The New York Times reports on Shared Prosperity, which offers "one-stop shopping" for poor Philadelphians seeking services and hopes to create jobs and improve early childhood education.
But with an array of public and private agencies providing different services in different locations, many poor people here are not getting the assistance available to them that could help them find work or qualify for benefits.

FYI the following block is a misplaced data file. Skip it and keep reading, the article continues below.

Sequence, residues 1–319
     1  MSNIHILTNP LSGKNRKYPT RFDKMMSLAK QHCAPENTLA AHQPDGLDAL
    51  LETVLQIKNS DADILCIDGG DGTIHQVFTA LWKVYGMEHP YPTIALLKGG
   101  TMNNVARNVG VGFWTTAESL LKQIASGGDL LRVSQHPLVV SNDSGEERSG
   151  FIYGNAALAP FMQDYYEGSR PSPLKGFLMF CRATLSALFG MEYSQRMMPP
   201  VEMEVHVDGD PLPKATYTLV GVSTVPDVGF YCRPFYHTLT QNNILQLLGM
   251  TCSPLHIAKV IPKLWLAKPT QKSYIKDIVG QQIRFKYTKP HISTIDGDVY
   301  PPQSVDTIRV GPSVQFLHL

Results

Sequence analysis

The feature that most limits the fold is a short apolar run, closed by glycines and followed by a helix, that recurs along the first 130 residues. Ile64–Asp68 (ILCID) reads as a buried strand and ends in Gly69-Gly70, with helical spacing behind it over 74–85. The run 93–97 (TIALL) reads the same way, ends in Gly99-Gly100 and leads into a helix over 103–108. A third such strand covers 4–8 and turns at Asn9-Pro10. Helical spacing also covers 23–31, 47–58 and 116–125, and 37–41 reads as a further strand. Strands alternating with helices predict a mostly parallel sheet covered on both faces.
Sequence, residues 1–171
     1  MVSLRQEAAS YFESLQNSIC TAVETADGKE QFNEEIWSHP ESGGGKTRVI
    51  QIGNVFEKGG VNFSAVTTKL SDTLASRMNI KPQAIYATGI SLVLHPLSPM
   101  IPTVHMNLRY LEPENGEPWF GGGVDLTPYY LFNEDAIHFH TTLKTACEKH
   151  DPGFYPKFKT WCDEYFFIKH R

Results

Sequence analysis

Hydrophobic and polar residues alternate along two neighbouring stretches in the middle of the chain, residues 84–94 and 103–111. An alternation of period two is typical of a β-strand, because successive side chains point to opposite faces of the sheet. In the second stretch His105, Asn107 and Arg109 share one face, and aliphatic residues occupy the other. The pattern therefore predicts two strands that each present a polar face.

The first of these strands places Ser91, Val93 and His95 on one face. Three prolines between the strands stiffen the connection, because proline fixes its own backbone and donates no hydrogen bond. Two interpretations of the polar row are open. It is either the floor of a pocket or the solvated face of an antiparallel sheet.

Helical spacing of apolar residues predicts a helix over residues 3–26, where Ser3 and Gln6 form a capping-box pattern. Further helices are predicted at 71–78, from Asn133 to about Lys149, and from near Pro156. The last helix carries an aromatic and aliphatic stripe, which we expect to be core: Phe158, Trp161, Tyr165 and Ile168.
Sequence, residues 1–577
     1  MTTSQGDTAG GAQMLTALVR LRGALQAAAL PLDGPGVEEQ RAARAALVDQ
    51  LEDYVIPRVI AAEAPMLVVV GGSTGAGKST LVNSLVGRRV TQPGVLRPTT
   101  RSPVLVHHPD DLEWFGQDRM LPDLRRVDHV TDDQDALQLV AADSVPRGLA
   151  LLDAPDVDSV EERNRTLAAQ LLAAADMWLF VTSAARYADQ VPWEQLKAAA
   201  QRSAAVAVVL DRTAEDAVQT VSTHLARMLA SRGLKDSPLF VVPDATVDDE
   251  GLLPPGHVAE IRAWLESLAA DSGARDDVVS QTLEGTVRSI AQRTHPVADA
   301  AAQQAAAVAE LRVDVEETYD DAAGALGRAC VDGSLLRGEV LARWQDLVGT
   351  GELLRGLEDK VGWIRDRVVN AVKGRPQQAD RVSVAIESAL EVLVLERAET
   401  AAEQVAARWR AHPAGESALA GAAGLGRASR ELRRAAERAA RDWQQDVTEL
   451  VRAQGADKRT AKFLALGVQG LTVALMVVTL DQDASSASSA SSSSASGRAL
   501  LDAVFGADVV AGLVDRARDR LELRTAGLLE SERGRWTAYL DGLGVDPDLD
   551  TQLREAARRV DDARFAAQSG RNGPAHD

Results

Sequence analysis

In response, Philadelphia initiated an effort this summer that offers "one-stop shopping" in local outreach centers to help people get all the assistance they need — with food, housing, job training, financial counseling, child care and other services — in one place.
The effort, called Shared Prosperity, is a response to the recent growth in the number of poor people, many of whom are not benefiting from the city’s current economic recovery, said Eva Gladstein, executive director of the Mayor’s Office of Community Empowerment and Opportunity, which runs the program.
Original source: The New York Times
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